All major conflicts in sixteenth- and seventeenth-century Europe, in one way or another, involved the House of Habsburg. The German Reformation – ever present in the year which marks the quincentenary of Luther’s 95 theses – was also, though of course not exclusively, a movement of resistance against Habsburg efforts to assert political dominance in the Holy Roman Empire. Other developments such as the Dutch Revolt, the so-called Turkish Wars, the Polish-Lithuanian interregna, and the quest for lasting alliances with the Ottoman Empire by France, the Dutch Republic, and England similarly attest to the Habsburgs’ determination to assert and expand their power across the continent.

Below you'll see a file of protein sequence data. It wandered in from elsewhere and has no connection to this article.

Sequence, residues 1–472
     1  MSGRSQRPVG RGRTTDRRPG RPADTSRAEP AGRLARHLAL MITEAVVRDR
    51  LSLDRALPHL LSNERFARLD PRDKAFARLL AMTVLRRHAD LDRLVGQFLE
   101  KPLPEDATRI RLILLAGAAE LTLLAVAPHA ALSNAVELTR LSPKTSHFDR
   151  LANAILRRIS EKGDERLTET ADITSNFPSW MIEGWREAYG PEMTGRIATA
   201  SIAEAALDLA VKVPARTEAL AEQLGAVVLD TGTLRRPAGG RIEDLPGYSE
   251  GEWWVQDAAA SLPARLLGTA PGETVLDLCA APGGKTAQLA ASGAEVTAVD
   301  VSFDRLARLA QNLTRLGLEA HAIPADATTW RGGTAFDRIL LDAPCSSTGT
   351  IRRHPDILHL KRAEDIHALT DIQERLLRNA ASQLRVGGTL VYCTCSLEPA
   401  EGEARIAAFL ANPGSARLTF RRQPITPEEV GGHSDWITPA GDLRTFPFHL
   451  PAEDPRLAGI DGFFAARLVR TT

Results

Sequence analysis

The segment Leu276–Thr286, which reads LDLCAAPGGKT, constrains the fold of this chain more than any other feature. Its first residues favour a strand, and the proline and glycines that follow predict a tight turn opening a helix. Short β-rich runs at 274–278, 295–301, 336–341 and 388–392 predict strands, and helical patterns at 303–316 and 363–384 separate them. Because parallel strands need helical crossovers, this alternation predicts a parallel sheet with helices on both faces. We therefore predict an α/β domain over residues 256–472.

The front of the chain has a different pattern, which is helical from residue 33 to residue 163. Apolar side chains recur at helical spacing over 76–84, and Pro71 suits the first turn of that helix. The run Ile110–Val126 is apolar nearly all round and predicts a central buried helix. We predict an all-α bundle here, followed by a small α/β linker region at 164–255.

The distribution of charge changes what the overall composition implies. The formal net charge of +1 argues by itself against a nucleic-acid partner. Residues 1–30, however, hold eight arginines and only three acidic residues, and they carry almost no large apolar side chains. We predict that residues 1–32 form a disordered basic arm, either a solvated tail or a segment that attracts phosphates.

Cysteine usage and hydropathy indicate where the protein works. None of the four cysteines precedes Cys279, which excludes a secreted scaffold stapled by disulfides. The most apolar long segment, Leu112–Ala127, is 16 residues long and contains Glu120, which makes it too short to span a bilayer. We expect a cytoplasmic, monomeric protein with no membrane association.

The Habsburg emperors, kings, and archdukes as well as their advisers consequently had great need for information on which to base their wide-ranging and ambitious plans. But how such information was gathered and how it impacted decision making is understood only imperfectly at present.
Focusing on the mid-1570s and early 1580s, this talk will examine the organisation, funding, and activities of Austrian-Habsburg foreign intelligence, drawing particularly on the rich material concerning the Ottoman Empire surviving in the Austrian State Archives as a result of the special attention paid to the ‘Turk’ as the Habsburgs’ ‘archenemy’ (Erbfeind) and main imperial rival. Such fundamental research into the diplomatic, military, and administrative history of the Habsburg empire is vital for the history of ‘international’ relations in this period, but also an essential step in unravelling the cultural history of decision making.